Learning to love my voice

A young woman smiling and standing next to a llama

Heather Aspain didn't think she could become a speech & language therapist because of her stammer. That was until a defining moment helped her think differently.

Growing up, I wasn't too aware of my stammer. I lived in blissful ignorance, because that was me. It was how I spoke and I never thought twice about it. I never paid attention to how anyone else spoke, and if I was 'different'. I was aware, but unaffected, and by the time I had started secondary school my speech seemed fine to me. I had a good few years where I spoke fluently, and my childhood stammer was a distant memory. 

As I reached adulthood, the pressures of work and relationships crept in; my stammer did too. It was just once or twice at first, if I was stressed or nervous — but I thought that normal. Everyone stammers when they're nervous. 


In 2019 I came to a crossroads in my life. I was in a career I wasn't enjoying and I knew I wanted to do something more fulfilling with my life. I had been through speech therapy for my stammer as a child, and that was always something I had always gravitated towards. It felt like the right time to do it. I wanted to help children like me; I wanted to know children out there could feel confident in their speech, whether they stammered when they said their name or not. I applied for a speech and language therapy course at university with doubts I would even get in, but amazingly I did — and I couldn't have been happier!

How could I be a therapist who stammered?, I thought. How could I help children feel confident in their speech when I didn't in my own?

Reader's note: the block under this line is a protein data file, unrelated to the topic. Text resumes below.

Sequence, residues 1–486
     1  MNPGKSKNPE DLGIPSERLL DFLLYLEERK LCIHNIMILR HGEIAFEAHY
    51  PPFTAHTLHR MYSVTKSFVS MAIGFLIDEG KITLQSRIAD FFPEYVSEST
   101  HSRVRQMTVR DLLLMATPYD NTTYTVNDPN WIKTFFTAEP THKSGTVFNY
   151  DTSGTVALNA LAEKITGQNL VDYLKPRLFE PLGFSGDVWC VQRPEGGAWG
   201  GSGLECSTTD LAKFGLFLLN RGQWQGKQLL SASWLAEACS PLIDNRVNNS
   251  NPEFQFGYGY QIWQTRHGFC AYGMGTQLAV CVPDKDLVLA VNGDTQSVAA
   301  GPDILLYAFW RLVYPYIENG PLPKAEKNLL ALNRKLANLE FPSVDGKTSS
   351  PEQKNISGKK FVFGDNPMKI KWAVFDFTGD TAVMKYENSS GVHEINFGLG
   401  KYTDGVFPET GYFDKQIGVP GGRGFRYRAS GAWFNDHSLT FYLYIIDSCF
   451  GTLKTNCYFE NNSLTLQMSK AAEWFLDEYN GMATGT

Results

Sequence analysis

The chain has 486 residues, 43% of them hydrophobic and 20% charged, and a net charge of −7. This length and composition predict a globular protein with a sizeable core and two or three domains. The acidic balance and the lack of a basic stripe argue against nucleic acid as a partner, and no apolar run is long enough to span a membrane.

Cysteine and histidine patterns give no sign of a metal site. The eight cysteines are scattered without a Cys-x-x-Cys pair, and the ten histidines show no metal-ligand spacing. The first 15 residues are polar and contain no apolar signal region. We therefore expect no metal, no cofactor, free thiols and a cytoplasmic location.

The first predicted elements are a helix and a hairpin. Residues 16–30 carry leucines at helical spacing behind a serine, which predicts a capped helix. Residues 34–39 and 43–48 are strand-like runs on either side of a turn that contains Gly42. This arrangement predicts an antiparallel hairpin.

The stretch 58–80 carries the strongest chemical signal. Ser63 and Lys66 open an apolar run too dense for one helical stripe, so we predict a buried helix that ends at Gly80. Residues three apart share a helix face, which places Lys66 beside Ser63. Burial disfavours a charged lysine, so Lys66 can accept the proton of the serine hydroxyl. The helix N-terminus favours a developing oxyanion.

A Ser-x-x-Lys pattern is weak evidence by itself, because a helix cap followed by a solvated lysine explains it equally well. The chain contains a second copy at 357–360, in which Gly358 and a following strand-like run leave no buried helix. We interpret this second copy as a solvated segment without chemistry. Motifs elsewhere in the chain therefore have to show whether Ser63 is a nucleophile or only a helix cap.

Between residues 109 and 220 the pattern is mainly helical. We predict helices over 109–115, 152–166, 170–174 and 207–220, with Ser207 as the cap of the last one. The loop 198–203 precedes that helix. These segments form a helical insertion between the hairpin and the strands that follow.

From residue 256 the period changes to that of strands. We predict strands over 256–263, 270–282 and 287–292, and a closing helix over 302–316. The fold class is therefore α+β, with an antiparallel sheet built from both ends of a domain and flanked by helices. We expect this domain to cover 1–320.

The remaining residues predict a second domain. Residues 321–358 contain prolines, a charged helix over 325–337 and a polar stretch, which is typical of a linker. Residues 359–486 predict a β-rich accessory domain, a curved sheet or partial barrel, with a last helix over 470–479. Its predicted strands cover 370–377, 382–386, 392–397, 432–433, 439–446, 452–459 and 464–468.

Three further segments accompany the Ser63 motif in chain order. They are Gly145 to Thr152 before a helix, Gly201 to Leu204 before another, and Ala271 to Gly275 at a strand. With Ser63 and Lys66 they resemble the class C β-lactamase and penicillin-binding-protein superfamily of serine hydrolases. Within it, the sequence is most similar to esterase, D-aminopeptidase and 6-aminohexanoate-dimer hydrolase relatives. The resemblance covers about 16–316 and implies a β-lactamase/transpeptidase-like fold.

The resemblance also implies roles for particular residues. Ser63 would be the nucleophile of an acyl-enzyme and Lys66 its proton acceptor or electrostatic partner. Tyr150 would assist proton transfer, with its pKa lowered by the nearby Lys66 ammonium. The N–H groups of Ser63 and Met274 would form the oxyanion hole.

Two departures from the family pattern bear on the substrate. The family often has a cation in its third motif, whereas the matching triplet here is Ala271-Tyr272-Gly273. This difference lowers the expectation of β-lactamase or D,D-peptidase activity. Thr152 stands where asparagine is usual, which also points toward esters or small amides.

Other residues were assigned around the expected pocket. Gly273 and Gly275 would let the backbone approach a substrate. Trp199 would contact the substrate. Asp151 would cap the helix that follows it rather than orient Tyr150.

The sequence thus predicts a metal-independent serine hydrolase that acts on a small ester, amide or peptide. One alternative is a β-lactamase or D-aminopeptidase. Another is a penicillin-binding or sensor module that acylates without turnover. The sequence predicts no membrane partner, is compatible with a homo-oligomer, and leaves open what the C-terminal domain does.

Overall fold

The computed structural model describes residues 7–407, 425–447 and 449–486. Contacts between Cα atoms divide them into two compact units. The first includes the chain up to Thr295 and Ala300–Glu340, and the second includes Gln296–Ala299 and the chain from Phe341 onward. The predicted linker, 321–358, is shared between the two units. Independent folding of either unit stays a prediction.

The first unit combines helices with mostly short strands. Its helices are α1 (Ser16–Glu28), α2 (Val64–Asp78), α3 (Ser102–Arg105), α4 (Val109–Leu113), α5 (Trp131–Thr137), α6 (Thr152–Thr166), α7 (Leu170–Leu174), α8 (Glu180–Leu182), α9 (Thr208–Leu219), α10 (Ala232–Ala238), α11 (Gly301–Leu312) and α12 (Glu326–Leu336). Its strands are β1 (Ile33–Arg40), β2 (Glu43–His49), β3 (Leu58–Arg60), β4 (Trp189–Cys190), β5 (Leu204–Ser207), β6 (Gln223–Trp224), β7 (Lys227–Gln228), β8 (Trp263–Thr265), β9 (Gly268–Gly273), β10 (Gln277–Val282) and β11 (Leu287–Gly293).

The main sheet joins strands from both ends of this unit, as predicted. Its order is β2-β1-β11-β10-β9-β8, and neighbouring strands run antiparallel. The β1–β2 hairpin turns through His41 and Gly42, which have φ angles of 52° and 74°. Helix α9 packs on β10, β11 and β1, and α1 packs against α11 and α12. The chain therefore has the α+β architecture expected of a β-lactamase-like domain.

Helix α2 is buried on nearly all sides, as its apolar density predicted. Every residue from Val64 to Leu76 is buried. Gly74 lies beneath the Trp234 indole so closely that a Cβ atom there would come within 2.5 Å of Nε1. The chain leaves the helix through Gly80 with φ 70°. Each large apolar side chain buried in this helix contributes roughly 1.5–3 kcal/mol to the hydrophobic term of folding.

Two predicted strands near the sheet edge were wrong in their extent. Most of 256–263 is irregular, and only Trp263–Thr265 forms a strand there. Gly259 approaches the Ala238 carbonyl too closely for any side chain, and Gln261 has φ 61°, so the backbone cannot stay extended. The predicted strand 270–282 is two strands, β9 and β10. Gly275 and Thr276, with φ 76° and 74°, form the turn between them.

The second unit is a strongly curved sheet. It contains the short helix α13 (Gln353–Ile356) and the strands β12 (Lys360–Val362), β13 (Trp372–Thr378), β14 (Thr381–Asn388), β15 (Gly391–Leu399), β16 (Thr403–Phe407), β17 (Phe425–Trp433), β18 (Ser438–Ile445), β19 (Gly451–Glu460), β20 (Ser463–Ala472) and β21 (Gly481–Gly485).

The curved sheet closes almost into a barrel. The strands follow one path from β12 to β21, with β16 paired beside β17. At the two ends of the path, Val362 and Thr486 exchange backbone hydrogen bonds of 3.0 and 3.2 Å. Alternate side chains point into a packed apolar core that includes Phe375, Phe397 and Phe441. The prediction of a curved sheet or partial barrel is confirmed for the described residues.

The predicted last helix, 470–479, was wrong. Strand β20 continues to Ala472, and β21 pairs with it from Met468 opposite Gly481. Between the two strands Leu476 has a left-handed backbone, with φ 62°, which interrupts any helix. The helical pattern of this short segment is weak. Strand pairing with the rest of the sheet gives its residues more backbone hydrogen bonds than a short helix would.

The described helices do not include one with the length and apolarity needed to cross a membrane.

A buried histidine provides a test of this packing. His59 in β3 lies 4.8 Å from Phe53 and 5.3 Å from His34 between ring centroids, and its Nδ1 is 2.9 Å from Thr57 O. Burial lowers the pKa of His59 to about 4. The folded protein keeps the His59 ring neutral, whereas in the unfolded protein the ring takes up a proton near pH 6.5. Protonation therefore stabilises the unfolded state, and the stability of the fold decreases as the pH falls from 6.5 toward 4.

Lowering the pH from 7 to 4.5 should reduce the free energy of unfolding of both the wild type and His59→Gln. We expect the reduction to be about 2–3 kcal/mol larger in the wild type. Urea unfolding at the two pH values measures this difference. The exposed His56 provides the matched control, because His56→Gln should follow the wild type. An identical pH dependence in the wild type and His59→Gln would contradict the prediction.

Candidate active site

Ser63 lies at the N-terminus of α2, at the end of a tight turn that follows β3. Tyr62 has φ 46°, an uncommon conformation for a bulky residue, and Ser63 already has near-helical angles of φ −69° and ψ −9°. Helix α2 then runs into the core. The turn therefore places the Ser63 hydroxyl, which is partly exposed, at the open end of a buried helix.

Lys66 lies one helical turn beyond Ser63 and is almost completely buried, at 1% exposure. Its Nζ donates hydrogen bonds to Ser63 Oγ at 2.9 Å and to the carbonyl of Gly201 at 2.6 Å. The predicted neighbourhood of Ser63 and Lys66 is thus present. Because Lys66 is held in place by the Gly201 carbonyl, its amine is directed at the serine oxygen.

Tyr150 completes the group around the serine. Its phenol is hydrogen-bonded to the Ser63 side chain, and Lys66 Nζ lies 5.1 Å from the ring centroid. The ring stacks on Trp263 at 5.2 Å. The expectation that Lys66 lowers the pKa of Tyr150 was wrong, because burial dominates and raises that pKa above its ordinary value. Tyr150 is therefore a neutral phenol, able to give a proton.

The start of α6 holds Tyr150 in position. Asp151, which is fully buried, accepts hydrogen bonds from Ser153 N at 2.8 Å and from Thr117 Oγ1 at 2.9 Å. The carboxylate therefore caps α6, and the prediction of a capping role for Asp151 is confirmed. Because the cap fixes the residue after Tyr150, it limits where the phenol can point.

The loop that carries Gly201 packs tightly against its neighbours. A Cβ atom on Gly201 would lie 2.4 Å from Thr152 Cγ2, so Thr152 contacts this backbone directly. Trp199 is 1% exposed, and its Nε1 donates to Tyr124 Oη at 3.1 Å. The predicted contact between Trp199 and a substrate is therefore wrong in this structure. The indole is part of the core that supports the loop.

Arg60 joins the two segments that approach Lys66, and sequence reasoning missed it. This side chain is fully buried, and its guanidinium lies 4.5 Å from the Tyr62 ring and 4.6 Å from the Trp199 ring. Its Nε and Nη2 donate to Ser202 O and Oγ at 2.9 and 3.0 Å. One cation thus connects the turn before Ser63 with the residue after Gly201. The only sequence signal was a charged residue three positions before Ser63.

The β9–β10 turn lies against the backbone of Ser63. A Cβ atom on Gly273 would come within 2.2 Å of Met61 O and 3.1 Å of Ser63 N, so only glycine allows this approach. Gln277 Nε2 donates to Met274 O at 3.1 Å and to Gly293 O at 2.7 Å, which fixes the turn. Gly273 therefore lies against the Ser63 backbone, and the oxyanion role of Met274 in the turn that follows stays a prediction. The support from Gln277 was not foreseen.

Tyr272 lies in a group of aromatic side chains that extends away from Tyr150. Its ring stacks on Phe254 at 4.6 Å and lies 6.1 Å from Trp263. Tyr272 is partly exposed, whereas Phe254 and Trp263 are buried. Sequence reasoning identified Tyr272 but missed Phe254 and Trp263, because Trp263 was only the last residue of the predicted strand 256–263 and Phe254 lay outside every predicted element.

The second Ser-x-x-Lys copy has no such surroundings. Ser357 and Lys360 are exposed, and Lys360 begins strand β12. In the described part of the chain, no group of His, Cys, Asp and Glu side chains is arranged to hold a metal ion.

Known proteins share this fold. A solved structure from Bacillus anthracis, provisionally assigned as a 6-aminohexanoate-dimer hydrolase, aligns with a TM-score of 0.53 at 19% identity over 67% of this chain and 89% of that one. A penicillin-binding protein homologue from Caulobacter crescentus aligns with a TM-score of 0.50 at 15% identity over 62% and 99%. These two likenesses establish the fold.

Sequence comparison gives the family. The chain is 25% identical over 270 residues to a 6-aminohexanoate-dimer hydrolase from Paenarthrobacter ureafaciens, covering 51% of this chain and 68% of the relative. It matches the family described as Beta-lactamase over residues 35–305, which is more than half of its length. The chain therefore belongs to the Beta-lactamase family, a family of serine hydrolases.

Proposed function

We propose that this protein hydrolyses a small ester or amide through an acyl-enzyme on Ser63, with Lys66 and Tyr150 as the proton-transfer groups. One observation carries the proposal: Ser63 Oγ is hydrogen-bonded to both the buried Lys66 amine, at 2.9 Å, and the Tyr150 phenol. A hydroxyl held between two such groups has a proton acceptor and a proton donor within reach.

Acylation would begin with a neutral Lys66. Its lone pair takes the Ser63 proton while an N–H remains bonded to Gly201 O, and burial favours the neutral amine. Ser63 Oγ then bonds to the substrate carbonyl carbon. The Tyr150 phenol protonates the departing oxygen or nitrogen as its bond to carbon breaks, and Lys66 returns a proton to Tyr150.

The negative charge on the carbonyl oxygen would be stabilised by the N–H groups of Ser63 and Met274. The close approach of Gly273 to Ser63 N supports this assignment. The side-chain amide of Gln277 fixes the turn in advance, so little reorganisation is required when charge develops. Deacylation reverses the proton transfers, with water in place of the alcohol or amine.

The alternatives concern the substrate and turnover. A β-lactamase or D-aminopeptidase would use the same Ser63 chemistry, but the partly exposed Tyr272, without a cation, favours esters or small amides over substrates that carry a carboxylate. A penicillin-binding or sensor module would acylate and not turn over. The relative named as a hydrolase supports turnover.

That's when my stammer came back — along with the imposter syndrome. How could I be a therapist who stammered?, I thought. How could I help children feel confident in their speech when I didn't in my own? I felt embarrassed and ashamed. I would stop midway through sentences or feel myself turning red. I felt as though I had taken for granted all those years I'd spent speaking fluently. It was lonely and isolating; it seemed that no one else struggled to speak like I did. In online discussions people would think I was having technical difficulties when I was just trying to get my words out. Something as simple as wanting to talk about the sunset with my boyfriend was a challenge. I couldn't get out the words I wanted to say and I felt defeated.

Not hiding

That was my defining moment. I decided that if I was going to stammer, I wouldn't shy away from it anymore. I won't be embarrassed because this is who I am. I still had worries around what kind of therapist I would be, but I would be one who stammers with pride. I was still doubtful, until I spoke to one of my lecturers who taught stammering. Her passion and pride for the subject really cemented that this is what I wanted to do. I don't just want to help people in therapy, I want to advocate for myself and others. I want people to know that there's nothing wrong with how we speak, it's something unique and it's what makes us who we are.

I don't hide my stammer anymore because I don't want to hide who I am. I am proud to say I am Heather, I stammer and I won't hide it.

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Tayo & Bhupinder
A speaker on stage at STAMMAFest 2023

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